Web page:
Revista ZUM 24

Since that kiss

Eliana Alvez Cruz Publicado em: 29 de September de 2023

I looked at you from the corner of my eye as you walked around the house. It was nice to follow your footsteps without you realizing it. The way you opened the book and licked your middle finger before turning the page. The way you took off your slippers and crossed your long legs on the sofa. The way you ran your fingers through your grey hair, still thick… I watched, and you didn’t notice my secret admiration for your every curve, even after so many years had passed since that kiss.

I don’t even know why I started to follow you with my eyes inside our small, simple apartment, but ours, and facing the beach, just as we’d always dreamed about. Our beach… Perhaps because there is so little time left and when it – time – slips, everything gets under a magnifying glass. It’s urgent to fix the images of beauty on our retina. It’s urgent not to let it be forgotten, not to let it be lost, not to let it pass, not to… stop being intoxicated by the smell that comes off you like this, in a morning of an ordinary day in our ordinary lives.

I think it was the morning light today that took me back to that Sunday when we left the suburbs behind to see the sea. It was Valentine’s Day, do you remember? You hated that date! And I, so self-centered, couldn’t understand the real reason. I was fixated on that absolute truth, which we are forced to accept forever, that what a woman really wants is to date, to get engaged and to get married. At the end of the 1970s, in the outskirts of the outskirts. Did we ever thought about these things the way we do today? Well, I didn’t.

In fact, not even you could say what it was that annoyed you so much. We had to step on the sand of that beach, after hours crossing the city in a bus full of bodies craving for salt water and fun, to understand.

I’m here at the table corner, stirring my cup of coffee, moving my gaze between you and the view from the window, noticing how all of your mother is reflected on your image today. How you became so much like your mother physically but so different in other ways. So, even if it is in the contrasts, I somehow see your mother in you. She, who never missed an opportunity to mistrust me, to confront the love that I said I felt for you and to say that she would never believe in that feeling again.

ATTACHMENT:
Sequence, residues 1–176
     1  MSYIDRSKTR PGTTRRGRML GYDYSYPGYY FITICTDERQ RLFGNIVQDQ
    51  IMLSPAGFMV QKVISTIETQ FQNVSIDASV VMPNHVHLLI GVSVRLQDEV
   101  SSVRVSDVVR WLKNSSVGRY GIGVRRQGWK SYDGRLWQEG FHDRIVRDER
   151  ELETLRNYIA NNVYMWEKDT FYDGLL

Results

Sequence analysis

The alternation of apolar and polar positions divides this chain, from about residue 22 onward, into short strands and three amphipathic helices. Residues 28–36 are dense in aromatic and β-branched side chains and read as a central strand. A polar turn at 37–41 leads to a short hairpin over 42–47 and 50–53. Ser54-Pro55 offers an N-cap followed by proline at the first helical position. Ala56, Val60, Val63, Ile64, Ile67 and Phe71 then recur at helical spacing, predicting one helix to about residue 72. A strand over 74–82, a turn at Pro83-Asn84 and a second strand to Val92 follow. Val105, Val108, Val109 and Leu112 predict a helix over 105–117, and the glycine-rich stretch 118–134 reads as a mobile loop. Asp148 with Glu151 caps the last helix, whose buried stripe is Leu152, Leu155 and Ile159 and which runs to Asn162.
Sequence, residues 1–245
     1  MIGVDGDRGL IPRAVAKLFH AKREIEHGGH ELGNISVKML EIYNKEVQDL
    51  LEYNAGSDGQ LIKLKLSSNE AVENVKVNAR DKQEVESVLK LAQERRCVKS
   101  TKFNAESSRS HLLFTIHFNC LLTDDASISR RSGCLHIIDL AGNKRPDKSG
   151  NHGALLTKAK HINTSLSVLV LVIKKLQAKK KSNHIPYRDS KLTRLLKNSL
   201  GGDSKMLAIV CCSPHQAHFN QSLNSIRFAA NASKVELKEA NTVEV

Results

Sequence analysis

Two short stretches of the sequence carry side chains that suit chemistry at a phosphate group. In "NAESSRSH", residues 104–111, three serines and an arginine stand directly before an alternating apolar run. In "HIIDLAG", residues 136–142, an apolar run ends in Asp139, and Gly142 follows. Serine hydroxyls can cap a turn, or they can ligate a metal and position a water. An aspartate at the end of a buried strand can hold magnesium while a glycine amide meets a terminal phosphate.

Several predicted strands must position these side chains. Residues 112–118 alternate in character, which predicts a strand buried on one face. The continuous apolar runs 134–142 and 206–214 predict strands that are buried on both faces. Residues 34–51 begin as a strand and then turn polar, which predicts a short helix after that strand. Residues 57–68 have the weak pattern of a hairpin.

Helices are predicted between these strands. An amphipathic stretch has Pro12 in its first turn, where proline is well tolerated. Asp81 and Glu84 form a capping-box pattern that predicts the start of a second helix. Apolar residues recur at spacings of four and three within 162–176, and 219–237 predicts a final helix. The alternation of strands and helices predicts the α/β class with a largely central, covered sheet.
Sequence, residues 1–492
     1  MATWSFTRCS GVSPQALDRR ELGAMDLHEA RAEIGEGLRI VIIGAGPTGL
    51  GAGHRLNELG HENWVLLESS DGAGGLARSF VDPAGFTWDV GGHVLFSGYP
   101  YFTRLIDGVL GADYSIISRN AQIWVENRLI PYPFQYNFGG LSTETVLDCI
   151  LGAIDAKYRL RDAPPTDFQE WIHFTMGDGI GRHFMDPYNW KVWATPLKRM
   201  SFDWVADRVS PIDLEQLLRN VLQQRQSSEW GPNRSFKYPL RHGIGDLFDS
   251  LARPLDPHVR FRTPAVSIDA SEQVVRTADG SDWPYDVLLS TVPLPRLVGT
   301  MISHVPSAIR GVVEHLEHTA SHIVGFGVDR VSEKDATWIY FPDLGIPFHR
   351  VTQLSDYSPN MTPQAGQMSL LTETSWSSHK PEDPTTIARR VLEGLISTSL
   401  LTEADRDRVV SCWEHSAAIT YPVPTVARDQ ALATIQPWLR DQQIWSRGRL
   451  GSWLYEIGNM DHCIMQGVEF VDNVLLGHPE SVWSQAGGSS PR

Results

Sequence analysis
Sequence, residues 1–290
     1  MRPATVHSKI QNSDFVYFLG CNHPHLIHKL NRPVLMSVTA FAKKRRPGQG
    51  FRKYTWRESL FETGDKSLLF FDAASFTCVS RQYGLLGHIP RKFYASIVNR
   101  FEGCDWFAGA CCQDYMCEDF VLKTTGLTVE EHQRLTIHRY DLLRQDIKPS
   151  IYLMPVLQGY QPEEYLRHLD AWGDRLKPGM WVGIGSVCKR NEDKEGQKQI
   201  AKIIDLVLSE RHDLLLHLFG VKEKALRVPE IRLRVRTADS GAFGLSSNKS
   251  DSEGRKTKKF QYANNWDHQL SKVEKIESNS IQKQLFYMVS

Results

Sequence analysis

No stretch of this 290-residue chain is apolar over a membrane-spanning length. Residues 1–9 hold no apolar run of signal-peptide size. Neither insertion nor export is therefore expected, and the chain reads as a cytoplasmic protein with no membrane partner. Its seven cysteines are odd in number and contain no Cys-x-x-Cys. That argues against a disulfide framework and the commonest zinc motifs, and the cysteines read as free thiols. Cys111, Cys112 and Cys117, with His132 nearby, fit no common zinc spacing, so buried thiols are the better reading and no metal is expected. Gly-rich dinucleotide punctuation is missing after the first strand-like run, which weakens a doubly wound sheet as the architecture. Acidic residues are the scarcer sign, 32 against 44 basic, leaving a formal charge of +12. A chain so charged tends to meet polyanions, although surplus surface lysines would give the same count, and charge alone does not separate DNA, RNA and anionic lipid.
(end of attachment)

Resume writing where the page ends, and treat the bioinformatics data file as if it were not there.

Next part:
One day, I asked her why she felt so much bitterness about it. She just fixed me with a cold gaze and said the sentence that echoes in my mind on every day that I consider important for us or for you.

“I never got flowers… and I’ve never been kissed.”

I was very much intrigued. How come, “has never been kissed”? Until that day I had never given any thought to what the lack of a garden means in someone’s life. Not just any garden, but one that was offered to them, even if represented just by a single flower. Your mother looked at me with the dryness of deserts that became wastelands by human action, so different from those formed by the work of eons.

That year, Valentine’s Day was on a Sunday, and it dawned sunny. I looked up and thought: “Good for the beach!” I arrived at your house full of energy, but my excitement jarred with the silence of a breakfast not noisy at all, not watered with kisses or any of these signs of a little corny affection which so many people yearn for. Your mother, I realized it afterwards, wanted that.

You invited me to sit down, and although feeling awkward, I did. Gradually that strange atmosphere gave way to more amenable conversations. We counted out the money for the bus fares and packed some sandwiches for our day out because, yes, at that time going to beach, setting off from our neighborhood, was quite a trip! We were more relaxed and smiling when she slumped over the table and started to cry. The tears soon became sobs, and she left the room to finish crying far away from us. Awkwardly, we tried to find out what had happened, but she practically threw us out of the house. She wanted to be alone.

We reached the street like someone escaping a gas chamber, do you remember? A feeling that something really oppressive had set our respiratory tract free. We were walking, side by side but not touching, still enjoying that relief, when a man hurried past us and stopped in front of your gate. We halted at the corner to see what he would do. He knocked on the door, your mother answered it, and he went in. We ran back and pressed our ears to the wood. Beating fast hearts. What stopped us? After all, why didn’t we go in?!

A strange silence fell. Just like this one right now, while I’m looking at the empty coffee mug and you’re languidly stretching out on the sofa, like a cat. A void of sound that foreshadows something. And your mother’s cry felt like an explosion from inside the house, then came the noise of glass, breaking.

“My mouth is the whole body, are you listening to me?!”

Remembering this makes me dive into old feelings. Look! The beach is getting crowded. Looking at it from up here, I don’t see a lot of difference between the people crossing the street to the beach nowadays and those who crowded the sand that day. Everybody was so young and wealthy with that treasure called time.

I can see it as if it was yesterday – you running, pulling me along by the hand. You didn’t want to stay and listen to the argument. I was astonished.